Strong characters and well-established motivation to overcome conflict are two incredibly important parts of a story. While you can sacrifice a little of one to make room for the other, it’s impossible to engage an audience if they don’t understand the characters and their actions. This is what writer/director Alistair Banks Griffin tries to get away with in his film Two Gates of Sleep, but, as one could expect, it simply doesn’t work.

In the film, two brothers (Brady Corbet and David Call) living in the woods of Mississippi with their mother (Karen Young) who habitually wanders away from the house. Their mother then dies and, after building her a coffin, the brothers attempt to take her upriver to bury her.

First, it’s worth noting that the mother doesn’t die until approximately 45 minutes into the film, which only runs 78 minutes to begin with. The first half of the movie is spent watching the three characters sit around in silence, with the exception of a sequence in which Corbet’s character skins a deer and works at a saw mill (both also in silence). No effort is made to explain who these individuals or how they got to where they are at the start of the film. You don’t know these people are from Adam and that doesn’t change over the course of the film.

When the mother does finally die – she wanders out in the middle of the night and collapses in a puddle of mud – the characters show no emotions outside of the insistence that she not be brought to the county morgue. The trip then begins to take her body up river to her final resting spot. Why is the area significant? Has the mother previously expressed interest in buried at this spot? If the sons aren’t even willing to shed a tear over their mother’s death, why are they willing to go on such an endeavor? At no point in the story are any of these important questions answered.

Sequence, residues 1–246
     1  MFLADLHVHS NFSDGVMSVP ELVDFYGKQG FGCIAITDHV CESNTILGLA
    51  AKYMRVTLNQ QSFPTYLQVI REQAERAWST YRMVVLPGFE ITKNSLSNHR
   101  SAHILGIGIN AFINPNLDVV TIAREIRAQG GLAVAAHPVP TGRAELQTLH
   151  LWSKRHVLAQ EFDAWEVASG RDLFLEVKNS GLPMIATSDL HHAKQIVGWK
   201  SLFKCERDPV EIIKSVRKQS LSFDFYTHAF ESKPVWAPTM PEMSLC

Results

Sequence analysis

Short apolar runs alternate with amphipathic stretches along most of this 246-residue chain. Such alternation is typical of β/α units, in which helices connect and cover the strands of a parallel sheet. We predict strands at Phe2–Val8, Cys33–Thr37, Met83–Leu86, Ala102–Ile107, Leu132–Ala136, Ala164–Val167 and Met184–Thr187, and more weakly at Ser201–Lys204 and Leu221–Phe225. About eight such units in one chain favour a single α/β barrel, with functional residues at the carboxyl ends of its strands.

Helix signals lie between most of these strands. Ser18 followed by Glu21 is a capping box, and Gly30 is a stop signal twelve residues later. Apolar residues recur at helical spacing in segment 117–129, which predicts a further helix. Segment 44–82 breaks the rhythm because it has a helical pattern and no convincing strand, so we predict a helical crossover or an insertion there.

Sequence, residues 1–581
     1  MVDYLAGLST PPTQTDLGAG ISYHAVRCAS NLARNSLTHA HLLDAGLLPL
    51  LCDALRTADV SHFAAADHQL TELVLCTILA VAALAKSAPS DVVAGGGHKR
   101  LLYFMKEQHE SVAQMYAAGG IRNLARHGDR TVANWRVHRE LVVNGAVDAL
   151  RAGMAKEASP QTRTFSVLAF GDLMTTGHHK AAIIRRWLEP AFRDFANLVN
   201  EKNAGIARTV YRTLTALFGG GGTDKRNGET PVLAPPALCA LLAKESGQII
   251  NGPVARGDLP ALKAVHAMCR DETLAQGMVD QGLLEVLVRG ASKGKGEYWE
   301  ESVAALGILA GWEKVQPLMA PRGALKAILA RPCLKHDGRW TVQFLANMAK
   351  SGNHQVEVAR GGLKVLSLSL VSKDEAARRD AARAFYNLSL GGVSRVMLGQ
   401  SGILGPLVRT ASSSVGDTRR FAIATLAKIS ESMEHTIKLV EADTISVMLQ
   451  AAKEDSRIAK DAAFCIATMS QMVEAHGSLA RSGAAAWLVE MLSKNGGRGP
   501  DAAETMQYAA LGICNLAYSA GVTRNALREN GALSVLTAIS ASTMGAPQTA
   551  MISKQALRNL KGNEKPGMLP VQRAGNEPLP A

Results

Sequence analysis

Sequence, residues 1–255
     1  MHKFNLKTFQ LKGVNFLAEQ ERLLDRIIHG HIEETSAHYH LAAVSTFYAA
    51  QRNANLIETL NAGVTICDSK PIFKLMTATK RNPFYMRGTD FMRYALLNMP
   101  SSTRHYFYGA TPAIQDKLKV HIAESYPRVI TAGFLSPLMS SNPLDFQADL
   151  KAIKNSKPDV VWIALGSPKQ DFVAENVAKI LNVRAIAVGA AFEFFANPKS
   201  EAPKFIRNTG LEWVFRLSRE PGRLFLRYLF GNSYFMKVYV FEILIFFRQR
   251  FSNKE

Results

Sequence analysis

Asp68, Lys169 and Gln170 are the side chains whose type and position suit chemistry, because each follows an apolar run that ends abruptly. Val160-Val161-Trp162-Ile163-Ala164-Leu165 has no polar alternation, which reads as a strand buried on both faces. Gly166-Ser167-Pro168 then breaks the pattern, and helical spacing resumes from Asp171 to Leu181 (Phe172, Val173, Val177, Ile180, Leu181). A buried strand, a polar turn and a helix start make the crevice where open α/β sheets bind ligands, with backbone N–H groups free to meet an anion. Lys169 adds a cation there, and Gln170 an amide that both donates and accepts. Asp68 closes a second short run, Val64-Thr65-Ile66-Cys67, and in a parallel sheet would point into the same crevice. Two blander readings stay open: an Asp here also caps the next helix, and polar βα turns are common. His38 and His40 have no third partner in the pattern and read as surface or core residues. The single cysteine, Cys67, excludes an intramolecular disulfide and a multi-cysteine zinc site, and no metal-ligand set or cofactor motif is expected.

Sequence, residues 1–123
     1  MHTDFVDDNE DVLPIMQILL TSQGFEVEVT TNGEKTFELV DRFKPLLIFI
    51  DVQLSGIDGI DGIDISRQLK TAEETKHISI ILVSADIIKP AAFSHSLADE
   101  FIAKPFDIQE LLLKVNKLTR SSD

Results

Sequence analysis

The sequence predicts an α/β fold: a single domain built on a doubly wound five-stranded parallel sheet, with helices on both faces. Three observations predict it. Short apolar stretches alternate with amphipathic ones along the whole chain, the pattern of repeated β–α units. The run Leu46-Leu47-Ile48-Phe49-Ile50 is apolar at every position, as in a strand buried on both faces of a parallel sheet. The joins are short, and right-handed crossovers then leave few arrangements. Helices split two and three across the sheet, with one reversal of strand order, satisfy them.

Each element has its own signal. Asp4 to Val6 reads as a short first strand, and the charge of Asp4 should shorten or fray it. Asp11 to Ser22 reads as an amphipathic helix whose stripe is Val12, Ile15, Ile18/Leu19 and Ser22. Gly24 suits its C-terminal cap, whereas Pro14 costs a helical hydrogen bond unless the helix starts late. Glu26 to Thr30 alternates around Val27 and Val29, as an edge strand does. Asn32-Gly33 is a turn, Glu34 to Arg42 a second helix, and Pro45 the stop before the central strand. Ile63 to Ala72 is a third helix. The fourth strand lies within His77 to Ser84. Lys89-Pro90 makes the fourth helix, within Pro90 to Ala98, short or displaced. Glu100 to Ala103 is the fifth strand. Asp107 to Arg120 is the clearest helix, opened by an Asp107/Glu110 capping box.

While the story is lacking in almost every way imaginable, what makes the movie even remotely worthwhile is Banks Griffin’s direction. The area in which he is working is truly beautiful, full of incredible foliage and terrain, and the director does a great job of acknowledging and capturing it. I would say that it almost becomes its own character, but considering how the characters in this film are developed, I wouldn’t want to downgrade it.

Two Gates of Sleep is an empty vessel. While the scenery is undoubtedly pleasant to look at, we might as well be watching a zombie film without the human and survival elements. To be blunt, the film is boring and trudges along much like the two brothers with their heavy luggage.

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